by CalculatedRisk on 7/21/2011 05:45:00 PM
In addition to Case-Shiller and CoreLogic, I follow the following house price indexes: : RadarLogic (based on a house price per square foot method), FNC Residential Price Index (a hedonic price index), Clear Capital, Altos Research and Zillow.
CoreLogic already reported that the CoreLogic HPI increased 0.8% in May.
• FNC reported:
Based on the latest data on non-distressed home sales (existing and new homes), FNC’s ResidentialPrice Index™ (RPI) indicates that single-family home prices were up again in May at a seasonally unadjusted rate of 0.8%.
Minneapolis, Boston, Charlotte, Portland, Chicago, and Washington D.C. show the strongest price momentum – rising month-over-month since March by a cumulative total of 9.2%, 7.1%, 5.7%, 5.5%, 5.3% and 3.5% respectively. Orlando and Phoenix, on the other hand, lead the nation in home price declines during 2011–having lost close to 5.0% over the last five months, followed by Las Vegas, New York, and Miami at about 3.0%.
You can see the FNC composite indexes, and prices for 30 cities here.
• The FHFA (GSEs only): FHFA House Price Index Rises 0.4 Percent in May; Second Consecutive Monthly Increase
U.S. house prices rose 0.4 percent on a seasonally adjusted basis from April to May, according to the Federal Housing Finance Agency’s monthly House Price Index. The previously reported 0.8 percent increase in April was revised to a 0.2 percent increase. For the 12 months ending in May, U.S. prices fell 6.3 percent.
• From RadarLogic Weak Fundamentals Undermine Seasonal Strength in Home Prices:
While the RPX Composite increased somewhat during April and gained 1.2 percent month-over-month in May, these gains have barely offset declines in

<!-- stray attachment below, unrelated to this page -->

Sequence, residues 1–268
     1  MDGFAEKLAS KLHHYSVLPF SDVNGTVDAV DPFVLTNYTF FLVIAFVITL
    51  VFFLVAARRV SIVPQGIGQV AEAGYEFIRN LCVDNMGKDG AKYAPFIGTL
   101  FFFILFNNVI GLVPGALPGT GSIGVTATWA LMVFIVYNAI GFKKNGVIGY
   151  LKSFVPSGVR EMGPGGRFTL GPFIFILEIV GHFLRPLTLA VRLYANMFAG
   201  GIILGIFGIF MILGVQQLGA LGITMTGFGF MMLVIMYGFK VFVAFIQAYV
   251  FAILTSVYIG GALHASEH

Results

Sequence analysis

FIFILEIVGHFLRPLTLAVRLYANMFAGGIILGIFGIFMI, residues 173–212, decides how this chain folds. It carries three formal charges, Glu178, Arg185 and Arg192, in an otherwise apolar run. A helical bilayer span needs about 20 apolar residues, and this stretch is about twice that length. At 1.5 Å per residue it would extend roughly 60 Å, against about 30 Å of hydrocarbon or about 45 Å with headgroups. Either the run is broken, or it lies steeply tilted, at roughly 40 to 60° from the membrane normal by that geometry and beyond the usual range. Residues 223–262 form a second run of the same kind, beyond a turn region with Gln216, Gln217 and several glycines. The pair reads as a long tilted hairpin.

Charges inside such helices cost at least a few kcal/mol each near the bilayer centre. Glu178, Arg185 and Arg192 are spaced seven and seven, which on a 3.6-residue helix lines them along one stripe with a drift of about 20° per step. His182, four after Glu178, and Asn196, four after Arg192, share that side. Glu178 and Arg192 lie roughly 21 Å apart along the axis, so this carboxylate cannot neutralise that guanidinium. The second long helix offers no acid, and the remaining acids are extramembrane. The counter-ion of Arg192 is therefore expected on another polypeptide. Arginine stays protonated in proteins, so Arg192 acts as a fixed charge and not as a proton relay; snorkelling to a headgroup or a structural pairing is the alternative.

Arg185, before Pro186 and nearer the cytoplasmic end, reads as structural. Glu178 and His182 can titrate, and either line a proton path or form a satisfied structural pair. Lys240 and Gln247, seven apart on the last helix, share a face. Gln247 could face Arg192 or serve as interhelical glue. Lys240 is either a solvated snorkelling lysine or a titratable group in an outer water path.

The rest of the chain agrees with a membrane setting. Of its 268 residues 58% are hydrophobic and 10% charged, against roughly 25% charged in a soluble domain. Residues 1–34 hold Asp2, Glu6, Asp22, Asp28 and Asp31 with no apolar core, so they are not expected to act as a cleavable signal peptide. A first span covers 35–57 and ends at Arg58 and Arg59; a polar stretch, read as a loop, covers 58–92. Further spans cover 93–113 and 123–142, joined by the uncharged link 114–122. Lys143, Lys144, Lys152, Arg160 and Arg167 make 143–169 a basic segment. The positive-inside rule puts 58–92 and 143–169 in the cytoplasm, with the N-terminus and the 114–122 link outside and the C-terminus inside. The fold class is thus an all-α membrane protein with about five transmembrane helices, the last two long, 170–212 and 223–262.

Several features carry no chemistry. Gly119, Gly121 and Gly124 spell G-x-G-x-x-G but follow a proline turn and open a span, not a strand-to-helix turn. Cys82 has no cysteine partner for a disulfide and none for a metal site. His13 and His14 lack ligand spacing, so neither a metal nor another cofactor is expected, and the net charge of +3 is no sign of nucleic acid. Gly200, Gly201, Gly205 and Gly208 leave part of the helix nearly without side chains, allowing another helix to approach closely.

January. In contrast to this year’s performance to date, the RPX Composite Price increased significantly over the same period during seven of the past ten years.
Home prices usually increase in the spring due to seasonal factors, and the bulk of the gains typically occur by May. The lackluster performance of the RPX Composite Price to date means that we are almost assured to see new post-bust lows in the fall, when seasonal strength comes to an end and softening demand pulls housing prices downward.
And RadarLogic’s prediction for Case-Shiller Not Seasonally Adjusted:
Last month, we predicted that the S&P/Case-Shiller 10-City composite for April 2011 would be about 153 and the 20-City composite would be roughly 140. In fact, the 10-City composite was 152.51 and the 20-City composite was 138.84.
This month, we expect the May 2011 10-City composite index to be about 154 and the 20-City index to be roughly 141.
This suggests a slight increase for the Case-Shiller index on a seasonally adjusted basis.
Overall this suggests most of the recent increase in prices is seasonal, and we’d expect to see declines again late this year. The Case-Shiller index for May will be released Tuesday, July 26th at 9 AM ET.